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The Elder Statesman of Eclectic

Elaine Dutka is a Times staff writer

A tall, lanky professor, sporting a “Find Yourself in the Arts” T-shirt, is putting a UC Irvine dance class through its paces.

“Turn up--and feather down,” he says, his hands cascading like a waterfall. A few moments later, he breaks into song, accompanying a blues recording in a velvety baritone.

“Fare thee well, oh honey,” he croons, losing himself in the music before addressing the dancers again “Don’t blur--be very clear when you wave goodbye. As the last image this man sees as the train pulls away, it’s firmly fixed in his mind.”

The words carry more weight than the average instructor’s, for Donald McKayle’s five decades in modern dance have made him a leading voice--and a living archive--of the art form. He has created more than 50 pieces--most notably his 1959 classic “Rainbow ‘Round My Shoulder"--for companies in Canada, Europe, South America and the U.S. A five-time Tony nominee, his shows include “Sophisticated Ladies,” “Golden Boy” and “Raisin.” From 1951 to 1969, he led his own troupe--Donald McKayle and Company, whose alumni include legends like Eliot Feld, Alvin Ailey, Lar Lubovitch and Arthur Mitchell.

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“Lubovitch was go-go dancing at a Greenwich Village club, when I met him,” the 67-year-old choreographer recalls, over lunch in a Chinese restaurant across from the campus. “Mrs. Feld brought Eliot to me when he was 12. 1 was dancing in [the 1954 Broadway musicale ‘House of Flowers’ when choreographer George Balanchine was replaced by Herbert Ross. And though I was unable to hire Judith Jamison on a project, I gave Alvin [Ailey] her card.”

The preternaturally youthful McKayle, in fact, has been looking back more than usual these days. As the most recent recipient of what UCI calls its Distinguished Faculty Lectureship Award for Research, the highest honor professors can award a colleague, he’s scheduled to deliver a talk next week. Entitled “The Symbolic Language of Dance: Fifty Years of Dance Making,” it will not only offer hard-won insights but encapsulate his professional life.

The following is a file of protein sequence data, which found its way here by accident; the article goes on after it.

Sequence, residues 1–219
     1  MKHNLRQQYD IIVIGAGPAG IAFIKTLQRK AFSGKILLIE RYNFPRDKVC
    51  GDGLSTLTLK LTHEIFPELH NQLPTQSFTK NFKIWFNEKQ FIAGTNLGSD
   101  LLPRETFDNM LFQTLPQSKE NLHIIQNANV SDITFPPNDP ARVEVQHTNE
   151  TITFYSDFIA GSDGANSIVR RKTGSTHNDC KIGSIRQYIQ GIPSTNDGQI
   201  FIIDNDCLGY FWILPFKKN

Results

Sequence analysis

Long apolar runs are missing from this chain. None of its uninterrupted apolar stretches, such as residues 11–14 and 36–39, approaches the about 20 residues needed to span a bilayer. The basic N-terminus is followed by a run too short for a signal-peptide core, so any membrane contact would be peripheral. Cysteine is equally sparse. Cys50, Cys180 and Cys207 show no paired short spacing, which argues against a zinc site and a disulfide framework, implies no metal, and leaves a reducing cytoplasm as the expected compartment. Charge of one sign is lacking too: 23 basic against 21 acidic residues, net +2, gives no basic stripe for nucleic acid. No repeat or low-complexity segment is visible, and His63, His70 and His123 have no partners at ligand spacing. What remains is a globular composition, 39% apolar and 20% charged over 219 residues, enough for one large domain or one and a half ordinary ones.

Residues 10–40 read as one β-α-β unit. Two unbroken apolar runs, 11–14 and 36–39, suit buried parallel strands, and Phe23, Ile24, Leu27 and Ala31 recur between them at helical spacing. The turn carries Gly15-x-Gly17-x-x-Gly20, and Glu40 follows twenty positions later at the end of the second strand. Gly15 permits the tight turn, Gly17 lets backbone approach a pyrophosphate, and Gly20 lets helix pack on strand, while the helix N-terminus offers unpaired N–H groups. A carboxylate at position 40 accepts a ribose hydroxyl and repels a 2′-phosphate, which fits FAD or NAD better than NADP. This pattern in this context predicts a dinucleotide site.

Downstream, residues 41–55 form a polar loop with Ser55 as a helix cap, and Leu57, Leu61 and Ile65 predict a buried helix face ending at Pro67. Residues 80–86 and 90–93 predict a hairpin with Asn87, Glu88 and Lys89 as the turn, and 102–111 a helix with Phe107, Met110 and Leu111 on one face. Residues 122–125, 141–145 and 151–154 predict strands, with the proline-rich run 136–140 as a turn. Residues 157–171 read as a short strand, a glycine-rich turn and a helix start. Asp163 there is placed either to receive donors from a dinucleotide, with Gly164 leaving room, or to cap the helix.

To illuminate the lecture, artists from a half-dozen companies with whom McKayle is closely associated--among them Limon Dance Company; Denver’s Cleo Parker Robinson Dance Ensemble and Los Angeles’ Lula Washington Dance Theatre--will perform excerpts from his work. In addition, his collected memorabilia will be exhibited at the library at UCI, where he has taught since 1989.

“This award has always honored criticism, analysis, medical and scientific research,” says McKayle, whose easygoing demeanor masks bottomless drive.

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“This is the first time it’s been given for a body of creative work.

“There will be a lot of ‘retrospect’ in my lecture, as well plans for the future. As long as your dreams exceed your memories, you stay young.”

McKayle’s work is an eclectic mix--the creation of a man who resists categorization. Though people like to put him into boxes, he “defies corners,” he says.

Modern dance has been his primary focus, but he’s studied tap Indian, flamenco and ballet over the years. He points out that Indian hand movements found their way into his 1997 “Heartbeats” and flamenco into “Los Angelitos Negros,” a section of his famed “Songs of the Disinherited.” Elements of Russian, Croatian and American folk dancing that he studied as a teenager have also crept into his work.

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“I’m not a disciple who worships at one altar,” McKayle explains. “I have an ecumenical love for the field. I love differences and change.”

Carmen de Lavallade--who made her name dancing with Lester Horton and Alvin Ailey--calls her friend a “historian.” “Rainbow” is about a chain gang, she notes. “District Storyville” portrayed New Orleans when black women could clean houses or become whores. “Games,” based on McKayle’s childhood, shows an ethnic mix of tenement children playing--until police break it up.

“Donny’s work is rooted in the American--and African-American--experience,” she says. “He responds to the social environment--and always has a point of view.”

Still, when deciding which subjects to tackle, McKayle’s ecumenicism again kicks in. He has created a work about the controversial Mexican artist Frida Kahlo, and his “House of Tears” (1992) targets those killed by Argentina’s military regime.

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The look of his dances also reflects his predilection for contrast and texture. “There are a lot of contrapuntal themes--music doing one thing, dance doing another,” McKayle notes. “I’m also concerned with visual rhythms--how the dancers stack up onstage.”